The author, Kong Shangren2, was born a few years too late to witness the actual fall of the Ming Dynasty, but, having just missed it, was apparently fascinated by it throughout the rest of his life, interviewing a number of survivors and basing his play on real historical figures. The play is thus suffused with a deep sense of nostalgia for the past, while also recognizing its ugliness in the venality of the southern court and the puppet emperor they put up, a sentiment that is apparently found in many an early Qing memoir. Few of the characters in the play ever quite seem to accept that the world they knew has ended, despite the vastly different situation they find themselves by the end of the play.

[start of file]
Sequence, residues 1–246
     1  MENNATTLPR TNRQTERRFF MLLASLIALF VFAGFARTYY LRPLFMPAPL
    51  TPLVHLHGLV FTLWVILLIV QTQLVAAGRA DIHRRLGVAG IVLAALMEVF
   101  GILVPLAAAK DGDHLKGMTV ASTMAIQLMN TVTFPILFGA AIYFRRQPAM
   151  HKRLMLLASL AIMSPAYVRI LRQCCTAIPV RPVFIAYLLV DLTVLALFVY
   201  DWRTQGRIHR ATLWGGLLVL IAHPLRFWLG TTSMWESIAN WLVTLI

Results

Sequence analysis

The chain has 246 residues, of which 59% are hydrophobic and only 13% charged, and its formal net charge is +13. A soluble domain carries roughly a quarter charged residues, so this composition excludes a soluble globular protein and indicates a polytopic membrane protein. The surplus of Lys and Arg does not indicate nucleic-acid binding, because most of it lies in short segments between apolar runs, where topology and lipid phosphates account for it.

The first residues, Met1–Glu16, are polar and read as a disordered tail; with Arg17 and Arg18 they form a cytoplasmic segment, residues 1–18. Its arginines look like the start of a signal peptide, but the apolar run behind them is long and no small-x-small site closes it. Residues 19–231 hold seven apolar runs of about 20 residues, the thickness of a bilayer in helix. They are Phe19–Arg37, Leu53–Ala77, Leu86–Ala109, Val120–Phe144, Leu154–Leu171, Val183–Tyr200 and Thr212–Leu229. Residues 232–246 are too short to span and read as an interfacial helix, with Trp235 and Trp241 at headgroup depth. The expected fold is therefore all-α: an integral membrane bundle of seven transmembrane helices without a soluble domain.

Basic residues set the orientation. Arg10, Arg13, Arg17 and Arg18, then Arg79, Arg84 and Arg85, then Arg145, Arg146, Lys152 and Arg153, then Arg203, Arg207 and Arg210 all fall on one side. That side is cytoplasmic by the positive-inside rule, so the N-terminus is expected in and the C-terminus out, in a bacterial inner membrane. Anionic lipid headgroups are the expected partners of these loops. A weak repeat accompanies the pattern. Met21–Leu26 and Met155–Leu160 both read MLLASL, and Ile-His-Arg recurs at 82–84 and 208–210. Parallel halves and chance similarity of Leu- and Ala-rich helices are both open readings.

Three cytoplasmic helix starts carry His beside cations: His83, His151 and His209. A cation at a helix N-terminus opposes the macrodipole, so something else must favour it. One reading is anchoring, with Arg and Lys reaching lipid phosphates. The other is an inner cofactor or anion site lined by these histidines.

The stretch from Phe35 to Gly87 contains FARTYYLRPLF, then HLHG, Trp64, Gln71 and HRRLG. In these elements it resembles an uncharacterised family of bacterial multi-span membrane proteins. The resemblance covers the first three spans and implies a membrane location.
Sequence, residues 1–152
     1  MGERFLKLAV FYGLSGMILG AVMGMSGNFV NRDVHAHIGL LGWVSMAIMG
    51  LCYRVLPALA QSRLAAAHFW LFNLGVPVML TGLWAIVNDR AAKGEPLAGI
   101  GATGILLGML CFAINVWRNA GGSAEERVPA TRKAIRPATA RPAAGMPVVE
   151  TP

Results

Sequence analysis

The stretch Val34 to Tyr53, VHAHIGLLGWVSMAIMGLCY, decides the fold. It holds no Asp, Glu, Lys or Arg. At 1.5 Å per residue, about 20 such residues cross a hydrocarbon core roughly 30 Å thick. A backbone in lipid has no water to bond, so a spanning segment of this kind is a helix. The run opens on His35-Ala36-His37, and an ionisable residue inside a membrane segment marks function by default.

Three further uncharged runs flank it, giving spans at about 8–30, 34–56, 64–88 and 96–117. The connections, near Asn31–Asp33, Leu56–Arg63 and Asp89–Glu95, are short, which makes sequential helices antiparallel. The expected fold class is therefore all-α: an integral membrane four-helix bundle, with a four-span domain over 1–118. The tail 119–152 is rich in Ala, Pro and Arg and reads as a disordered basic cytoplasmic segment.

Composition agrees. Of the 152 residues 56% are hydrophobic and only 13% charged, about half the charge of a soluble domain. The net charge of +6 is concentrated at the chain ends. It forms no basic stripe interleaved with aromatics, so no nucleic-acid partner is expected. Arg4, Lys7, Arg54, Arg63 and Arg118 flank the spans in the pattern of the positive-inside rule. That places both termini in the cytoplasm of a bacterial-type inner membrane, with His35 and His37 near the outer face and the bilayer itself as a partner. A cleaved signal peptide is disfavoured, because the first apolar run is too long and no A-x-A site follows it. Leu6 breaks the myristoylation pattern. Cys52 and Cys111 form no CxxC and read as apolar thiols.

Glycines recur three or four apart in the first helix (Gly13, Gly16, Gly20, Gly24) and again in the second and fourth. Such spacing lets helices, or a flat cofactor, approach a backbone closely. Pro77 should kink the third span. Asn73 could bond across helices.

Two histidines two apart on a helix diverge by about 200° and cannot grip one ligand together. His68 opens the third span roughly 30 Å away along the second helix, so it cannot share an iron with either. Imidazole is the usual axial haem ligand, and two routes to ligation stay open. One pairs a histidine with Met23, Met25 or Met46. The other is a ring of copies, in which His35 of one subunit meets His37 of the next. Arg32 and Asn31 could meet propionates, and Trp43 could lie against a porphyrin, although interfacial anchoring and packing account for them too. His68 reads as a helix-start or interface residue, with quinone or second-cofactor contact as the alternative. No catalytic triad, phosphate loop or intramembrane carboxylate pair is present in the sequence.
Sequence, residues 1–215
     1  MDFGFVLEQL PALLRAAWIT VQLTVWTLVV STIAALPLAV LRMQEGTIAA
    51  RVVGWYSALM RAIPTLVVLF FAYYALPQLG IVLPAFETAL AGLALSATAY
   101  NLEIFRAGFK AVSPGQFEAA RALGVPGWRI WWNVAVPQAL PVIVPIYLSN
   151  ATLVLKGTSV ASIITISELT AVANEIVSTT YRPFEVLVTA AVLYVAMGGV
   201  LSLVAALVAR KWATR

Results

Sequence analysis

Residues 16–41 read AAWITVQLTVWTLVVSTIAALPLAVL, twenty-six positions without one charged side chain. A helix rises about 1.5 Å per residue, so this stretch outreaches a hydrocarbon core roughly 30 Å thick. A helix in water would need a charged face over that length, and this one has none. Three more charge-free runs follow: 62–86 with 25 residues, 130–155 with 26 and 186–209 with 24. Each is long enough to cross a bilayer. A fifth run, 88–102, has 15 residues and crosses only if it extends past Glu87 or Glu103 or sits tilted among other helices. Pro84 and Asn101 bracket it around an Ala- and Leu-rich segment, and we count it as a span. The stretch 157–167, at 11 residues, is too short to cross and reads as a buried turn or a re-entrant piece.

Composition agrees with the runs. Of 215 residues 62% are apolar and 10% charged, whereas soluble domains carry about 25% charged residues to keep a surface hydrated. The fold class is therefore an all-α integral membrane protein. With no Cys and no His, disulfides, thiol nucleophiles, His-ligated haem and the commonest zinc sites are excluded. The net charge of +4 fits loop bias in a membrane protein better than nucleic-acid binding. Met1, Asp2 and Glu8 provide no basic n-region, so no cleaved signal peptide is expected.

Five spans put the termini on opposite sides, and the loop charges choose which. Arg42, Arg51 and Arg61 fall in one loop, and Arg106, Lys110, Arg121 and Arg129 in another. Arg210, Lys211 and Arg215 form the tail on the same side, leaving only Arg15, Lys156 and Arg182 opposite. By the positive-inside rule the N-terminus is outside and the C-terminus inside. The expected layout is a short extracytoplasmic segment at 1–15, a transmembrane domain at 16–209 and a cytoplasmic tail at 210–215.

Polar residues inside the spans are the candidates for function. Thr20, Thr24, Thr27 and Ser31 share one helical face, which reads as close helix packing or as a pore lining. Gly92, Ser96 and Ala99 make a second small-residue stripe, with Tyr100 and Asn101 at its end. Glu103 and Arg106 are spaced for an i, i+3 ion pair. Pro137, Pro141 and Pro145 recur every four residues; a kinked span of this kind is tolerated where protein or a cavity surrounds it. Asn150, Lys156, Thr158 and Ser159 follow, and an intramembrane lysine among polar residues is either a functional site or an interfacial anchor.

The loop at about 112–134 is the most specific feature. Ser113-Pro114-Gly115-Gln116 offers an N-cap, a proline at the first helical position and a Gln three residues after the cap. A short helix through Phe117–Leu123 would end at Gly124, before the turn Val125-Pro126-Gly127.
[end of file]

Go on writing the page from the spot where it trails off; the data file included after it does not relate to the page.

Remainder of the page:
The Ming-Qing dynastic transition is a long-term interest for me. The reason I keep coming back to it, I think, has to do with that sense of bittersweet nostalgia at the end of a world—that sense that everything is falling apart and most people are willfully ignorant and there’s nothing to be done. A similar feeling obtains when thinking about the late Bronze Age collapse, which for the beginner is probably best narrated by the Fall of Civilizations podcast.
It’s hard not to apply those periods to the world today—great civilizations bent under their own corruption, a peaceful yet fragile international system under stress from a rapidly-changing world, climactic shifts we can’t see changing the very air we breathe3.